Last edited: November 08, 2003

Homophobia Strikes Uganda

Rumours of a gay marriage have ruined a hairdresser's business in Uganda, where homosexuality is not just taboo, it's illegal

Johannesburg Mail & Guardian, October 26, 1999
Braamfontein 2017, Johannesburg, South Africa
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Anna Borzello reports

Widower Celestine Walusimbi, now suspected of homosexuality, dedicated the best part of the last decade to building up a hairdressing salon, steadily attracting a clientele that included senior government figures.

His business is now falling apart and his customers are staying away in droves because he has been labelled, without substantiation, as a homosexual.

To be gay is not just taboo in Uganda; it is also illegal.

The rumours began with articles published in local newspapers last month. These alleged that Walusumbi, a short, now sad-looking man with a pot belly and ripped sandals, had married another man.

The report sparked off a torrent of homophobia, with anti-gay letters appearing in the press and a vigilante group offering to hunt down homosexuals and public expose them.

Responding to a reporter's question arising specifically out of this case, President Yoweri Museveni joined in the fray, ordering the arrest of all homosexuals, a well-publicised move that incurred outrage among donor nations such as Sweden.

The allegations against the owner of Sanyu Men's Salon in Kampala's Wandegaya district are rooted in a September 10 graduation party for his niece.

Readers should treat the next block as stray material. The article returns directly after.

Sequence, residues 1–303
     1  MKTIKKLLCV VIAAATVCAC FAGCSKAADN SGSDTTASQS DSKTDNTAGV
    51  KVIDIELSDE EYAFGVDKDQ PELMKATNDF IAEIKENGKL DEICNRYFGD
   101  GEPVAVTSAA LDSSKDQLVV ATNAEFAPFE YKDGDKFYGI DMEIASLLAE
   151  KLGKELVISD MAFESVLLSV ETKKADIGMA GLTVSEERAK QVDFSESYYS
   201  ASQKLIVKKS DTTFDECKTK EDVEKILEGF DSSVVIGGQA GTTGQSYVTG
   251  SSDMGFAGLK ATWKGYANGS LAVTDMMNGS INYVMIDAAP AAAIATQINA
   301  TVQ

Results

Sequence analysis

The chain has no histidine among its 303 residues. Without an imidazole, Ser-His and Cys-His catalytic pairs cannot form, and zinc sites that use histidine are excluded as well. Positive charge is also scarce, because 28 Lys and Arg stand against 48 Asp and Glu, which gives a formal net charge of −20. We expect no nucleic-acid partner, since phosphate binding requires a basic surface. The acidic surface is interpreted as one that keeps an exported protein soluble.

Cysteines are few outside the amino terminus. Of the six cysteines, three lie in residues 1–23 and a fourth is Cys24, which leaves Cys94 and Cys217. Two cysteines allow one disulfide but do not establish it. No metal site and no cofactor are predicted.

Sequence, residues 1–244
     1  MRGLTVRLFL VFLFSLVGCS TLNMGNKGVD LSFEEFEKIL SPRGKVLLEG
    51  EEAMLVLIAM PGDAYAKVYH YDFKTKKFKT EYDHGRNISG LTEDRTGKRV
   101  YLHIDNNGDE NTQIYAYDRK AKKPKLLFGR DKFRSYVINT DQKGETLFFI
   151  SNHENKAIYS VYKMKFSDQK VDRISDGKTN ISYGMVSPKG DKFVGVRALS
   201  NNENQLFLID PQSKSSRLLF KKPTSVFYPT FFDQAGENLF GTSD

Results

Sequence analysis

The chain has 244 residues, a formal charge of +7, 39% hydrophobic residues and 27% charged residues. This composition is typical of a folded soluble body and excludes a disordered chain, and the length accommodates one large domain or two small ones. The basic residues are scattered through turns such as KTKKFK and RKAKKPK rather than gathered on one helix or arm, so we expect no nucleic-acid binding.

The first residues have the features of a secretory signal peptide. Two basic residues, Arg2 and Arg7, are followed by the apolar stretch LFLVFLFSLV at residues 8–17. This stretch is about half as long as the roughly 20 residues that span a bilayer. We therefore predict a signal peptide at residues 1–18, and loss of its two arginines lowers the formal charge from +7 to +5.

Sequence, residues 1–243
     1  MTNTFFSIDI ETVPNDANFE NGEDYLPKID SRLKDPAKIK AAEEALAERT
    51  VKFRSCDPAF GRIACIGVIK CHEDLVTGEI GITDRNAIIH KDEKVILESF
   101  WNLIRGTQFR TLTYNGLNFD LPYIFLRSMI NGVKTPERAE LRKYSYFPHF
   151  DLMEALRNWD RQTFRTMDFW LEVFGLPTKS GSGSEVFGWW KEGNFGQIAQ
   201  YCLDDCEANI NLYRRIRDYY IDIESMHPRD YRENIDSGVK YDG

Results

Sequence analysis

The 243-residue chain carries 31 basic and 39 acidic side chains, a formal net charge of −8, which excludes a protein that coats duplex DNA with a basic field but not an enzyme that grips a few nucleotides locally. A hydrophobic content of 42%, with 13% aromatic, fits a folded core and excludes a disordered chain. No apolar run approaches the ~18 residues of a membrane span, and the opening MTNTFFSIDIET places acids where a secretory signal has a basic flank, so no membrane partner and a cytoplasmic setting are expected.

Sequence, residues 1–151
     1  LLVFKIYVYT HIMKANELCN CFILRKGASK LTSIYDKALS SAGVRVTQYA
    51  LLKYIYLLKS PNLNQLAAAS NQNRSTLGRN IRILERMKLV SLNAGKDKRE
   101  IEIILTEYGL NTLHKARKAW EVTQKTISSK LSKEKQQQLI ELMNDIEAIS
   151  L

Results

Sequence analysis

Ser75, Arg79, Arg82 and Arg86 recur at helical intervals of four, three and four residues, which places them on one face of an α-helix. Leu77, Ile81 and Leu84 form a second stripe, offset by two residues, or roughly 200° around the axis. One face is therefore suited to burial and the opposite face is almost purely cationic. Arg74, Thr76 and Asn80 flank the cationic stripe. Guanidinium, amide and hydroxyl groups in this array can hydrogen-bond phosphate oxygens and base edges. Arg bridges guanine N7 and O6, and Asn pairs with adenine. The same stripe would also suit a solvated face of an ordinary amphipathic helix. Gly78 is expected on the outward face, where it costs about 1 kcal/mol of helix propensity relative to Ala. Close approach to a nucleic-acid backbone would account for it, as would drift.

The police appeared at the party to check on rumours that the function was really a celebration of Walusimbi's marriage to another man. The officers left when they discovered the story was baseless.

Lack of evidence did not deter the semi-official New Vision newspaper from carrying the rumour.

"I was very offended when I read the story. I thought it must be a move to spoil me because I could not stand in public with that allegation about me," a defeated-looking Walusimbi told AFP, as he sat in a small bar across the road from his salon.

The story was particularly hurtful as Kanyengenya, the name of his alleged male spouse, was actually the name of his late wife, who died last year of malaria, leaving Walusimbi to raise their 10-year-old son single-handed.

After the story appeared in the paper, clients immediately began deserting the Sanyu Salon.

"My business is now completely dead and I have no job now. I spend all day waiting for customers who don't come. Some of my customers were senior government officials and now they don't want to associate with me," Walusimbi said.

The situation worsened after President Museveni made his anti-homosexual sentiments clearly known.

"When I heard the president's remarks my fears increased because he said people should be arrested and prosecuted. I began to fear for my life. I even contemplated moving away and I had to move my child closer to my village," he told AFP.

The police decided to investigate the gay marriage allegations once more. According to police spokesman Eric Naigambi, they found no evidence to substantiate the rumours. The matter was dropped but the scandal stuck.

Walusimbi believes the homosexual rumours were started by jealous rival salon owners in Wandegaya.

"I would like to take the person who started the rumour to court but I don't have the money," a dejected Walusimbi said.

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